As at 1 year, and consistent with observations made in other patient populations,19,–,21 patients in the small subgroup who were seronegative for both RF and ACPA showed limited evidence of radiographic or clinical improvement with rituximab+MTX or placebo+MTX treatment. Conversely, radiographic and clinical responses among patients seropositive for RF and/or ACPA were significantly improved for rituximab compared with MTX alone.
The 2-year safety profile is consistent with that observed at 1 year12 and with previously reported data in TNF-IR patients7 9 and pooled data from long-term rituximab studies.22 The incidence of serious infections remained low and consistent with previously reported rates,22 and no further opportunistic infections were reported beyond those observed up to week 52. Infusion-related reactions remained the most common safety event overall; however, their incidence generally declined following the first infusion of the first course.
No cases of PML were reported in this trial, and the overall reporting incidence of PML in patients with RA receiving rituximab is very rare (5 cases in 129,000 patients with RA).23 The IMAGE trial was conducted in MTX-naïve patients with early disease, and many alternative treatment options are available for these patients; therefore, following a spontaneous report of a case of PML in a rituximab-treated patient not previously exposed to biological treatment,24 the sponsors took the decision to discontinue dosing with rituximab in the IMAGE trial.
Rituximab 2×1000 mg is currently licensed in combination with MTX for patients with RA who have had an IR or intolerance to other disease-modifying antirheumatic drugs, including one or more TNF inhibitor treatments. Rituximab is not approved for use in the MTX-naïve population described here, but these data demonstrate the value of rituximab+MTX in preventing progression of structural joint damage, a key goal of treatment. Furthermore, under recent recommendations and guidelines, patients often now receive their second and subsequent biological treatment much sooner after RA diagnosis.3 4 Consequently, the positive results presented here for the IMAGE trial, in which patients were treated on average 1 year after RA disease onset, may be relevant to a TNF-IR patient who initiates treatment with rituximab.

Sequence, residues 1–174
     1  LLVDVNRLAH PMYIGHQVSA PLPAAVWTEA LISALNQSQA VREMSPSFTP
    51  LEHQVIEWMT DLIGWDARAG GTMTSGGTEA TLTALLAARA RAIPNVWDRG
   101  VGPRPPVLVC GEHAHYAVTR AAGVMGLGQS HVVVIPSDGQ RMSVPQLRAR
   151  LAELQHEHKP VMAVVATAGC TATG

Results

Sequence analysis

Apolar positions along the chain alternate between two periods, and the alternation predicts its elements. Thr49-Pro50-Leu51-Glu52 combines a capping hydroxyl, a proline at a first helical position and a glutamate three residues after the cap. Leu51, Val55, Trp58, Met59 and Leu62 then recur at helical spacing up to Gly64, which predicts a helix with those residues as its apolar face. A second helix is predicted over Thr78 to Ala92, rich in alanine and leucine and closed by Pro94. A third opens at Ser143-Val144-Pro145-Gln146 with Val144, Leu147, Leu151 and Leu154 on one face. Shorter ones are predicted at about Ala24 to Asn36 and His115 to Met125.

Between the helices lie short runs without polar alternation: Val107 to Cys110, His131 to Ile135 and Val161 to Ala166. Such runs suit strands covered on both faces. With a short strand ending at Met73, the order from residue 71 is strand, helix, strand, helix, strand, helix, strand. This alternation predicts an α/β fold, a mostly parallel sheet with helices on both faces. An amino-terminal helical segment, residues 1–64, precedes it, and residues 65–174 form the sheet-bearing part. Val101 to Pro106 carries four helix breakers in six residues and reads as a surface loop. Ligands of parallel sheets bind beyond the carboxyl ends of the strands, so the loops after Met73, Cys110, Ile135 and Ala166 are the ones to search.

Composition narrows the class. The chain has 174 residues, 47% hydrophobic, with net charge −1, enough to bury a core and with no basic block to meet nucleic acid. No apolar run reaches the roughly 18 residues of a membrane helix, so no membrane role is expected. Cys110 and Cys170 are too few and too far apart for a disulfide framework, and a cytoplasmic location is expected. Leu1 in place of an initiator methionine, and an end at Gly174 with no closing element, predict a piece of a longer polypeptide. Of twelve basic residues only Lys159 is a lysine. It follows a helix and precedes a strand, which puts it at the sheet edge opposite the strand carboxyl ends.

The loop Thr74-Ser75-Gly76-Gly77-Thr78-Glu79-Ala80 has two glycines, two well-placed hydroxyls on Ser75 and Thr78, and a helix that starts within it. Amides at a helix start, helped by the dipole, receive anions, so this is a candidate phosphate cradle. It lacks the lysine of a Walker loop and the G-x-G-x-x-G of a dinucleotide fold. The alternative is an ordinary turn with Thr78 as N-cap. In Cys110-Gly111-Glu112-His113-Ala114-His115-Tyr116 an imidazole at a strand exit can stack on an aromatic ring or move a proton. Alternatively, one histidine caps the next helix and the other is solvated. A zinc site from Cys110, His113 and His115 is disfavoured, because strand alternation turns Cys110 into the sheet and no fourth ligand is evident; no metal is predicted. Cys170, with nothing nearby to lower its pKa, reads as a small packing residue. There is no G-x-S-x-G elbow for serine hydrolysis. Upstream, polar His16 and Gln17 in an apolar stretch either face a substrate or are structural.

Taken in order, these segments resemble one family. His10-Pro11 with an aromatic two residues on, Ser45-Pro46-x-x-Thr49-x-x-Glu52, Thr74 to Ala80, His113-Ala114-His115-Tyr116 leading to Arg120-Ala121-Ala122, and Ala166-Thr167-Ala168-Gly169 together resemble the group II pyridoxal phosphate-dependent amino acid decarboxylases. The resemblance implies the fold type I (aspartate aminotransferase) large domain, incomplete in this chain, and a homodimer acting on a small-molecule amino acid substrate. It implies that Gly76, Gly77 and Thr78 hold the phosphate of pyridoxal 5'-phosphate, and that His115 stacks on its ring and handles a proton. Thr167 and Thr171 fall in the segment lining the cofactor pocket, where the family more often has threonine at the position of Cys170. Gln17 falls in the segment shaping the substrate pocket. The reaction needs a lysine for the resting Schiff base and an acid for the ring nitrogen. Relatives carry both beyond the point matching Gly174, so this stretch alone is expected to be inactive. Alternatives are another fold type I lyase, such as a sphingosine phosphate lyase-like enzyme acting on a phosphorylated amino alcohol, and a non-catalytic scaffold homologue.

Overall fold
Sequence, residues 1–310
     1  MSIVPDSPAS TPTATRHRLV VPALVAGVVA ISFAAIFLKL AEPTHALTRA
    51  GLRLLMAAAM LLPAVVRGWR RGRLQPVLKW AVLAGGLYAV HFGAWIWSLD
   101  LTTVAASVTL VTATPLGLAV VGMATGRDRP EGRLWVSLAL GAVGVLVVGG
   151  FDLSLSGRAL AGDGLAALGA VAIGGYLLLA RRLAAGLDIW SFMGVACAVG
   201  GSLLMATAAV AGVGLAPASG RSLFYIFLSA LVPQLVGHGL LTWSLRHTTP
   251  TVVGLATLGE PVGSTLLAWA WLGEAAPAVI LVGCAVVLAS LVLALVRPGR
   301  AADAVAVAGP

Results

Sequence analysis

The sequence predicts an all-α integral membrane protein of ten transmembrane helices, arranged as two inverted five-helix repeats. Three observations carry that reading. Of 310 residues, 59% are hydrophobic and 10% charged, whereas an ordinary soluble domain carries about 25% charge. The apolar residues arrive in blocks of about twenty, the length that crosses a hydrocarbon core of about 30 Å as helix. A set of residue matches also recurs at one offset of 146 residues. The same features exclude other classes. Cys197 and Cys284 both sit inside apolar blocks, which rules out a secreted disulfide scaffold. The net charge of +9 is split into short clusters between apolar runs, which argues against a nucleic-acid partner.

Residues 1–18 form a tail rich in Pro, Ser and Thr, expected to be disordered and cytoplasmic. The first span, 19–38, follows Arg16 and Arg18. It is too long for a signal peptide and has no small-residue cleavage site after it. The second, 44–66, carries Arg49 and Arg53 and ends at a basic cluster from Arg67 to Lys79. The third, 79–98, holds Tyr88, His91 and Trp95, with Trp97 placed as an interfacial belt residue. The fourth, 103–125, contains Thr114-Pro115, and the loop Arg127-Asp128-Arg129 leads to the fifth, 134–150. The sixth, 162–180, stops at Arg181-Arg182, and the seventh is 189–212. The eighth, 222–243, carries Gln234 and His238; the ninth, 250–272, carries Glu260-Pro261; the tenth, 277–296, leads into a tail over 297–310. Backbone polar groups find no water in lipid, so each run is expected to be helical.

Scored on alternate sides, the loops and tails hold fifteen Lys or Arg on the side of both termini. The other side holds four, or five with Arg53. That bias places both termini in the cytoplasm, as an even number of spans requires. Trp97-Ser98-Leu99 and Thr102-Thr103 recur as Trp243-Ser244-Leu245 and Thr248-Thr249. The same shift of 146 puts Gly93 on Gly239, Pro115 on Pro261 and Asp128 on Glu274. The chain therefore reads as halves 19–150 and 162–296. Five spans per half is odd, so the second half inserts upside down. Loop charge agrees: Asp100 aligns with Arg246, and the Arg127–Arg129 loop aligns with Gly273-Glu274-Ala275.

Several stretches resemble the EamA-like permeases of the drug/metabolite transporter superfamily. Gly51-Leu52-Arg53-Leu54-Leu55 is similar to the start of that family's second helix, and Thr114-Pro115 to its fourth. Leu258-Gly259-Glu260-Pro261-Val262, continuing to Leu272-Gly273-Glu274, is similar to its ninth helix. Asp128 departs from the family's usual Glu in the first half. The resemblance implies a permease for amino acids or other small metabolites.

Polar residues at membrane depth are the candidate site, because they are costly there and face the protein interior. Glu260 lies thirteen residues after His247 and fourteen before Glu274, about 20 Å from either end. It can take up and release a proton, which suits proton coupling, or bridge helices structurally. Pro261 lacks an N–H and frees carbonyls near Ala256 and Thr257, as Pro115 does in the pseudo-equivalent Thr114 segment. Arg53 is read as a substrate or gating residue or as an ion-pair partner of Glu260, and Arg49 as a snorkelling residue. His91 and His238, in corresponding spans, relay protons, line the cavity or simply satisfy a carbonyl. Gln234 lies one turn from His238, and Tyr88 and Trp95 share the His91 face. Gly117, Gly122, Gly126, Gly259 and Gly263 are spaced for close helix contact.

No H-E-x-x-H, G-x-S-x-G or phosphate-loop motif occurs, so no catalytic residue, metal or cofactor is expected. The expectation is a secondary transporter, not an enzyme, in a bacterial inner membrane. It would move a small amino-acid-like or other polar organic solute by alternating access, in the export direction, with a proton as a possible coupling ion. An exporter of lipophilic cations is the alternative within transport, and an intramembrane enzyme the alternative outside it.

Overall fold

In conclusion, this 2-year analysis of the IMAGE study demonstrates that rituximab 2×1000 mg+MTX led to sustained and significant inhibition of joint damage progression and significant improvements in clinical signs and symptoms of RA and functional ability compared with MTX alone in an early population of patients with RA.
The authors thank Laura Burke and Nicola Tyson (Roche Products) who contributed to the analysis and interpretation of the data. Radiographs were read at a central reading facility (Synarc Inc, San Francisco, California, USA). Support for third-party writing assistance for this manuscript was provided by F Hoffmann-La Roche.
Funding Financial support for this study was obtained from F Hoffmann-La Roche, Genentech Inc and Biogen Idec.
Competing Interests PPT has served as a consultant to Roche and Genentech. WR has served as a paid consultant for Roche, Genentech and Biogen Idec; has been paid lecture fees by Genentech and Biogen Idec; and has received grant support from Roche. ARR has received honoraria for talks and consulting from Roche. CP is an employee and shareholder of Spire Sciences LLC and a shareholder of Synarc Inc, which provide clinical trials services for multiple pharmaceutical, biotechnology and medical device companies. RFvV has received research support and honoraria/consultancy from Abbott, Merck, Pfizer, Roche and UCB Pharma, as well as honoraria/consultancy from Bristol Myers Squibb. WS has received a research grant from Xencor. E Healy is an employee of and owns shares in Roche. E Hessey is an employee of Roche. MR was an employee of Roche at the time of trial conduct and manuscript preparation, owns shares in Roche and is now an employee of and owns shares in GlaxoSmithKline. TS was an employee of Roche at the time of trial conduct and manuscript preparation, owns shares in Roche and is now an employee of Celgene Corporation.
Provenance and peer review Not commissioned; externally peer reviewed.